WASHINGTON (AP) -- Congress has given itself three months to consider changes to provisions of anti-terrorism law that have been valuable in tracking security threats but have drawn fire from defenders of privacy rights.
The House on Thursday followed the Senate in voting to add 90 days to the legal authority for three provisions, including two from the Patriot Act enacted shortly after the Sept. 11 attacks in 2001.
Barack Obama is expected to sign the bill before the provisions expire on Feb. 28.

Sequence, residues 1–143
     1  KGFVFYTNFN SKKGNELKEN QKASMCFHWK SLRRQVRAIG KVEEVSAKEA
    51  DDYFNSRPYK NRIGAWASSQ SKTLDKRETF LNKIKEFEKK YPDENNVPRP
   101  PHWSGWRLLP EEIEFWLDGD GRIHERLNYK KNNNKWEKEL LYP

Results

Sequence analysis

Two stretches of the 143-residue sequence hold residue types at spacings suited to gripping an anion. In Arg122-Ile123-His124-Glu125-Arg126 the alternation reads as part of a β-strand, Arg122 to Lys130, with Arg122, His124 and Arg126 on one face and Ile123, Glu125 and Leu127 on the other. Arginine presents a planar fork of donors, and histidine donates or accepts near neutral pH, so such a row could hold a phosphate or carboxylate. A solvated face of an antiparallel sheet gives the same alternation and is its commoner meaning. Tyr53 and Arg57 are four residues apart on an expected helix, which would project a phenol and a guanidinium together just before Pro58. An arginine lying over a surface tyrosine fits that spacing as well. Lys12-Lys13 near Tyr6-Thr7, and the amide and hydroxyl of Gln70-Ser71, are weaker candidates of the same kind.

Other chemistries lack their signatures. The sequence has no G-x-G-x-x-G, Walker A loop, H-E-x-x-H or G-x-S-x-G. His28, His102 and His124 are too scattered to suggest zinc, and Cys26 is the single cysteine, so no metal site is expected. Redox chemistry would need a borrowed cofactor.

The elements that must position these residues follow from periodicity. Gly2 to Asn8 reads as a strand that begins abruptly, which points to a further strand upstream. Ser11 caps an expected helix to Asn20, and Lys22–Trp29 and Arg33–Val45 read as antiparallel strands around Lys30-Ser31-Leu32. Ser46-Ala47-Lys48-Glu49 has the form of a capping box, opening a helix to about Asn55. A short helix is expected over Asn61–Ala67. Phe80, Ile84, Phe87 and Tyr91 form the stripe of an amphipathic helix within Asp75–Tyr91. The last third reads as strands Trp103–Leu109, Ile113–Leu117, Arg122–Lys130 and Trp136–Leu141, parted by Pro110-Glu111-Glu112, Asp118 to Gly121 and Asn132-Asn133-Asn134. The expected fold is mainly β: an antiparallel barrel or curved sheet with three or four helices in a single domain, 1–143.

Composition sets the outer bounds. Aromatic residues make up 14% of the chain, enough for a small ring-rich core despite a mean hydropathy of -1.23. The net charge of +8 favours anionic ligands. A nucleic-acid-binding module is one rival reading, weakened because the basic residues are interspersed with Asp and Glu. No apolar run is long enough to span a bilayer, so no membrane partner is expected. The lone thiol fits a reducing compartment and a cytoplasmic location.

Lawmakers will now hold hearings on possible changes to the law enforcement tools to guarantee civil liberties. At issue are roving wiretaps to monitor multiple communication devices, government access to business records that might be relevant to terrorist investigations, and secret surveillance of non-American "lone wolf" terrorist suspects.
(Copyright 2011 by The Associated Press. All Rights Reserved.)